Harvard University Press, 1970). Page references will be to the English edition. On the
distinction between judgment and judgeable content, see ibid., x2, p. 11:

Against the naturalism that tended to become prevalent in nineteenth-
century views of logic, Frege defends a radical distinction between the
subjective conditions of the act of thinking and its objective content.
Logic, according to him, is concerned with the latter, psychology with
the former. In spite of his declared intention not to mix general pure
(¼ formal) logic with psychology, Kant, according to Frege, is confused
in maintaining that logic deals with the rules we (human beings) follow in
thinking, rather than with the laws that connect thoughts independently
of the way any particular thinker or group of thinkers actually think.46
According to Frege, Kant™s subservience to the traditional, Aristotelian
model of subject“predicate logic is grounded on that confusion. For the
subject“predicate model really takes its clue from the grammatical struc-
ture of sentences in ordinary language. And ordinary language is itself
governed by the subjective, psychological intentions and associations of
the speaker addressing a listener. But again, what matters to logic are the
structures of thought that are relevant to valid inference, nothing else.
Those structures, for Frege, include the logical constants of propositional
calculus (negation and the conditional), the analysis of propositions into
function-argument rather than subject“predicate, and quantification.47
In x4 of the Begriffsschrift, Frege examines ˜˜the meaning of distinctions
made with respect to judgments.™™ The distinctions in question are clearly
those of the Kantian table, which in Frege™s time have become classic.
Frege first notes that those distinctions apply to the ˜˜judgeable content™™
rather than to judgment itself.48 This being said, he retains as relevant to
logic the distinction between ˜˜universal™™ and ˜˜particular™™ judgeable

˜˜A judgment will always be expressed by means of the sign , which stands to the left of
the sign, or the combination of signs, indicating the content of the judgment. If we omit the
small vertical stroke at the left end of the horizontal one, the judgment will be transformed
into a mere combination of ideas [Vorstellungsverbindung], of which the writer does not state
whether he acknowledges it to be true or not.™™
Later Frege renounces the expression Vorstellungsverbindung as too psychological, and
talks instead of Gedanke to describe the judgeable content to the right of the judgment
stroke. See the 1910 footnote Frege appended to x2, p. 11, n. 6.
On the rise of nineteenth-century naturalism about logic, and Frege™s conception of logic
as a reaction against naturalism, see Sluga, Frege, especially ch. 1 and 2. In fairness to Kant,
it should be recalled that he does distinguish logic from psychology: he maintains that
contrary to the latter, the former is concerned not with the way we think, but with the way
we ought to think. But this distinction can have little weight for Frege, who wants to free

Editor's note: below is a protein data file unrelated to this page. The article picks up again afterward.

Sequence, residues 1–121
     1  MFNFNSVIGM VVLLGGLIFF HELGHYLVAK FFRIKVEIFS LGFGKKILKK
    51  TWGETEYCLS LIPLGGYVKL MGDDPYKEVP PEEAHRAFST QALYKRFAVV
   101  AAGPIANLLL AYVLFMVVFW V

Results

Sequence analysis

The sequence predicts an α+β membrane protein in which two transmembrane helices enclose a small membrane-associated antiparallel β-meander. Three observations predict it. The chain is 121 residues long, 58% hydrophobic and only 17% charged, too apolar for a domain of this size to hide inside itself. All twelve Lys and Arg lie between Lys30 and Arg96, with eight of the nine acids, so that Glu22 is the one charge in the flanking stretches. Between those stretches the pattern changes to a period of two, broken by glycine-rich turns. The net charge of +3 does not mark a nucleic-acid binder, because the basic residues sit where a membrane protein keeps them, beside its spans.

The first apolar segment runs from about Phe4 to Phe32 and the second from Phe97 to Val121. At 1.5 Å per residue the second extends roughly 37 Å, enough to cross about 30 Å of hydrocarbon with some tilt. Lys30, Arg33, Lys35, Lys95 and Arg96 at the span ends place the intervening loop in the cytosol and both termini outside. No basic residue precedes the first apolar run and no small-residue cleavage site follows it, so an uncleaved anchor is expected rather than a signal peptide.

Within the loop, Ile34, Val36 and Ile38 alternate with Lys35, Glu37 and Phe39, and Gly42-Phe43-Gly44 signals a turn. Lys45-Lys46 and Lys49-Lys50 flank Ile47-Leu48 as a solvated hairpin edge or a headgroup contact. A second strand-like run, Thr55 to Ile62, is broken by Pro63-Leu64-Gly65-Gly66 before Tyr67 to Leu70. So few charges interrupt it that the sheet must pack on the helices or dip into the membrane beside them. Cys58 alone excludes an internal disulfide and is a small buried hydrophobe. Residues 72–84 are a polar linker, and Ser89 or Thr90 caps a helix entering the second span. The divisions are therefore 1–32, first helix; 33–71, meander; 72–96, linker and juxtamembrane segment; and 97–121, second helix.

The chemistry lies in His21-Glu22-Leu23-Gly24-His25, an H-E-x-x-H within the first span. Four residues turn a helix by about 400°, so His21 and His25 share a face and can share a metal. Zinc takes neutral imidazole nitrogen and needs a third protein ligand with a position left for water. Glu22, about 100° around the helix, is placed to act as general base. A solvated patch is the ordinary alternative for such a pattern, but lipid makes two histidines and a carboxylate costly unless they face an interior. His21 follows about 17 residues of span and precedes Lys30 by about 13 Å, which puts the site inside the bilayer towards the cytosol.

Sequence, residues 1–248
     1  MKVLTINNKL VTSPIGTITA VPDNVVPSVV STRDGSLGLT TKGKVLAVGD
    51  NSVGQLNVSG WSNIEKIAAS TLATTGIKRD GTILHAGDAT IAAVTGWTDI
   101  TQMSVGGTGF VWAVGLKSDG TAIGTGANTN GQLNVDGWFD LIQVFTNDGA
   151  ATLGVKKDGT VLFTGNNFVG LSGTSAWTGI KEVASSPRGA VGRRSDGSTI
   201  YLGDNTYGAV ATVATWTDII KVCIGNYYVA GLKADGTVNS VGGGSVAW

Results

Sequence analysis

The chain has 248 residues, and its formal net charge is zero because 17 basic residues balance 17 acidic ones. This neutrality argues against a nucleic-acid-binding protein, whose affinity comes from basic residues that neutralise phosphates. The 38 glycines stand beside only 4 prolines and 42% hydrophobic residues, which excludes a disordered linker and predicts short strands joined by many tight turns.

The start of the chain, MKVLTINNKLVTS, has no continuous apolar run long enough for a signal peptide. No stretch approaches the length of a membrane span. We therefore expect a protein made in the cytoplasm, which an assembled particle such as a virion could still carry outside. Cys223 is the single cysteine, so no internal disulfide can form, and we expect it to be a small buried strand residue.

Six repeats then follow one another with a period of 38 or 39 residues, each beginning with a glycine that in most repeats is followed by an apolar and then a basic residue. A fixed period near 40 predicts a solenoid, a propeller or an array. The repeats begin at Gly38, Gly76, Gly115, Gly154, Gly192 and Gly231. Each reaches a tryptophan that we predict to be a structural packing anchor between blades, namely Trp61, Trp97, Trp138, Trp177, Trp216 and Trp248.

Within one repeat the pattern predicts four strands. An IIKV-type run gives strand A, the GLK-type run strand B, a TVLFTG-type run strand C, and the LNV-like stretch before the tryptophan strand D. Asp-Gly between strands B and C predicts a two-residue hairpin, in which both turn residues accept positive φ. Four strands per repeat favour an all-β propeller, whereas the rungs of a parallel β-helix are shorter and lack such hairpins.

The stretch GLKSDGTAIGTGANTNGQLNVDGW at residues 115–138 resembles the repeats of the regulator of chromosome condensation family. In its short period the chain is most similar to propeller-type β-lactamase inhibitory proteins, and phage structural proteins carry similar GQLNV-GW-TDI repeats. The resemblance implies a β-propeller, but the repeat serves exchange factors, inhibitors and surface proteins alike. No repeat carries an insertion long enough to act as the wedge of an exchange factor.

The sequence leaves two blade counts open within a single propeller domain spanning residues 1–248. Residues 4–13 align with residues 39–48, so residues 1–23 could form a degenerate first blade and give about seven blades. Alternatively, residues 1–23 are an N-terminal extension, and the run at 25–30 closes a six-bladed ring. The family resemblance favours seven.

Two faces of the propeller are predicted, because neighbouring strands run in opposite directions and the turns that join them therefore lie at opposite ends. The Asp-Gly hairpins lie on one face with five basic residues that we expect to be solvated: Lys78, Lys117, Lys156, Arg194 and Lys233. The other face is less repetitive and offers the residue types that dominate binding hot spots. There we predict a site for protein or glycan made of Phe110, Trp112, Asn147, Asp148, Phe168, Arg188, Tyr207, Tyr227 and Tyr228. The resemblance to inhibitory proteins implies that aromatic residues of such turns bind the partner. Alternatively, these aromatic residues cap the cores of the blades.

logic from any mentalistic connotation, whether normative or descriptive.
Strawson™s criticism of the redundancies of Kant™s table is clearly inspired from Frege™s.
See Strawson, Bounds of Sense, pp. 78“82.
It is worth noting that Frege reverses the Kantian terminology and calls ˜˜proposition™™ the
judgeable content and ˜˜judgment™™ the asserted content, whereas Kant reserved the term

contents (Kant™s first two titles of quantity), but leaves out ˜˜singular.™™ He
retains ˜˜negation™™ (Kant™s second title of quality, negative judgment) and
thus the contrasting affirmation (which does not need any specific nota-
tion), but leaves out infinite judgments. He declares that the distinction
between categorical, hypothetical, and disjunctive judgments ˜˜seems to
me to have only grammatical significance.™™ Meanwhile he introduces his
own notation for conditionality in the next section, x5 of the Begriffsschrift
(more on this in a moment). Finally, he urges that the distinction
between assertoric and apodeictic modalities (which alone, he says,
characterize judgment rather than merely the judgeable content)
depends only on whether the judgment can be derived from a universal
judgment taken as a premise (which would make the judgment apodeic-
tic), or not (which would leave it as a mere assertion, or assertoric
judgment), so that this distinction ˜˜does not affect the conceptual
content.™™ Frege presumably means that the distinction between assertoric
and apodeictic judgments does not call for a particular notation in the
Begriffsschrift. As for a proposition ˜˜presented as possible,™™ Frege takes it to
be either a proposition whose negation follows from no known universal
law, or a proposition whose negation asserted universally is false. Although
this last characterization differs from Kant™s characterization of prob-
lematic judgments (as components in hypothetical or disjunctive judg-
ments), it remains that Frege™s view of modality is similar to Kant™s own